Ecker spent just one season as assistant hitting coach in Cincinnati. In 2018 he was the Triple-A hitting coach for the Angels, and before that, he coached in the minors for the Cardinals for three seasons. Ecker's coaching career began in 2013 when he took a job at Los Altos High, where he was a two-sport star in baseball and football. Ecker was a 22nd-round pick of the Rangers in 2007 but got just 97 minor league at-bats. 

Ecker certainly is a bit of an out-of-the-box hire, but that might be just what the Giants need after years of struggling to put together a lineup that can hit at Oracle Park. Ecker's bio with the Reds stated that "his teaching methods incorporate human movement research and technology-based applications to the body and swing." He is described as someone who is an "integrated movement specialist."

[RELATED: Where Giants' core players stand as Winter Meetings near]

Once confirmed, Ecker will join third base coach Ron Wotus as members of Kapler's staff. The Giants also have hired Brian Bannister as Director of Pitching but it's unclear if that role will have him in the dugout. 

MLB rumors: Giants targeted Georgia's Sean Kenny as next pitching coach

MLB rumors: Giants targeted Georgia's Sean Kenny as next pitching coach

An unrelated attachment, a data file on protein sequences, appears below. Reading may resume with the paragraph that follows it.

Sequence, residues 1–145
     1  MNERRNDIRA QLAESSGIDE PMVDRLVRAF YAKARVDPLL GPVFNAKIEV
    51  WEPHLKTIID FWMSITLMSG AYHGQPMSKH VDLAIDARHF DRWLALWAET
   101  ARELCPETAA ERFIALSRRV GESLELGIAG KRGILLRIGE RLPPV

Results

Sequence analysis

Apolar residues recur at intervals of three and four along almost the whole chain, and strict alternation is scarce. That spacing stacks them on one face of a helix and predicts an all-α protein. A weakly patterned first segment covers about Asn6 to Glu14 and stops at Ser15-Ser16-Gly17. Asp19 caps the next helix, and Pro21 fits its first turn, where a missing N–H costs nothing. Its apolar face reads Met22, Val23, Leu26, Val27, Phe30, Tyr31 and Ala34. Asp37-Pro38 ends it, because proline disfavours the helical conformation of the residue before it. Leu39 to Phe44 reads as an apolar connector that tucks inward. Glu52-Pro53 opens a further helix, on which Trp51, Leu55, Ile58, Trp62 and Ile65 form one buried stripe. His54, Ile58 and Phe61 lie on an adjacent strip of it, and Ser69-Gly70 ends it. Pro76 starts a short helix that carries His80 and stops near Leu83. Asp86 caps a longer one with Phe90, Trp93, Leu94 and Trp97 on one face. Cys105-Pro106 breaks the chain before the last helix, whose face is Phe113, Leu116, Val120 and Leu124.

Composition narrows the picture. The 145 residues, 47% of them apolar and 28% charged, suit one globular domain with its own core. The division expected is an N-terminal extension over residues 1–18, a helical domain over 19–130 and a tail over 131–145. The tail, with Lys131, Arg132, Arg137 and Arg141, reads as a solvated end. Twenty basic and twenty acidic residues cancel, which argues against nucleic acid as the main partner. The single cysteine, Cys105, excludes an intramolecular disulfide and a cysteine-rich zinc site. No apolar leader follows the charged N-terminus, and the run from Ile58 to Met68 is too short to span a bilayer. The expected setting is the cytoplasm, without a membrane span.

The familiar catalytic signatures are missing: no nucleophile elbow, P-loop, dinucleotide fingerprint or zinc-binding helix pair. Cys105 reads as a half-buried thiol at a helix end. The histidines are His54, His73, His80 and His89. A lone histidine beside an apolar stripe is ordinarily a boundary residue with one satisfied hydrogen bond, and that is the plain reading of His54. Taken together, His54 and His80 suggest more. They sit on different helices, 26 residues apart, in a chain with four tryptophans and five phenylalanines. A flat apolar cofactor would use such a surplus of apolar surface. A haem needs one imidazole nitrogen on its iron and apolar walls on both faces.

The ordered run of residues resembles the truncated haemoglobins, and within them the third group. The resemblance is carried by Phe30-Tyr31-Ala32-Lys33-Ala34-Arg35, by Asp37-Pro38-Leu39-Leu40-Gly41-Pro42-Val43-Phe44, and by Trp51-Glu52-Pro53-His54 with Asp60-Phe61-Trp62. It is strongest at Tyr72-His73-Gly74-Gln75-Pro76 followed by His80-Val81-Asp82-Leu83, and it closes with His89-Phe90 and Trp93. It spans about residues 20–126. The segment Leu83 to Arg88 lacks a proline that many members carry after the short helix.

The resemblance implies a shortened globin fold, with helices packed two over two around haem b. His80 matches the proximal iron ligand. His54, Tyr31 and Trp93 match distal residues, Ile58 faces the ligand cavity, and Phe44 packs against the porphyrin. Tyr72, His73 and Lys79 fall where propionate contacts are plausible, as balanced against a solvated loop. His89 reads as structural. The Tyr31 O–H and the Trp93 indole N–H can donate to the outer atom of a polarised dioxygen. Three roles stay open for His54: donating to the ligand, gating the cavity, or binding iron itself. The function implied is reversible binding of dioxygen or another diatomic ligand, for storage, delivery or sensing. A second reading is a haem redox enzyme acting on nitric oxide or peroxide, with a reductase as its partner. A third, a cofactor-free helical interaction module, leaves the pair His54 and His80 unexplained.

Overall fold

The Giants' coaching staff under manager Gabe Kapler is starting to take shape. 

The Athletic's Andrew Baggarly reported Sunday that San Francisco was in negotiations with Indians defensive coordinator Kai Correa, and sources told NBC Sports Bay Area's Alex Pavlovic on Wednesday that Brian Bannister, a former big leaguer who spent the previous five seasons with the Red Sox, will join the Giants as their director of pitching

Speaking of pitching, the Giants appear to be on the hunt for a new pitching coach. And their search seems far and wide. 

D1Baseball's Kendall Rogers reported Wednesday that the Giants targeted the University of Georgia's pitching coach Sean Kenny for the same role in the big leagues. But, UGA made sure Kenny stayed in Athens. 

Kendall says the Giants have looked at several candidates from college and the pros, and Kenny looks like a prime coach on the rise. The former 17th-round pick of the Mets became Georgia's pitching coach before the 2018 season and instantly made a huge impact. 

Georgia's pitching staff lowered its team ERA 1.05 points to 3.97 in Kenny's first year on the job, and set a school record with a .236 opponent's batting average. That number dropped to a lowly .200 last season, as UGA's ERA fell to 3.24 while setting a school record with 601 strikeouts. 

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The Giants haven't formally announced that Curt Young will not return for a third season as their pitching coach, but it was expected that Kapler would bring in several new coaches. The only known coach to come back next season is Ron Wotus, who will be in his 33rd year with the Giants organization.

Bench coach Hensley Meulens has joined the Mets, and hitting coach Alonzo Powell accepted a job in Japan in the same role.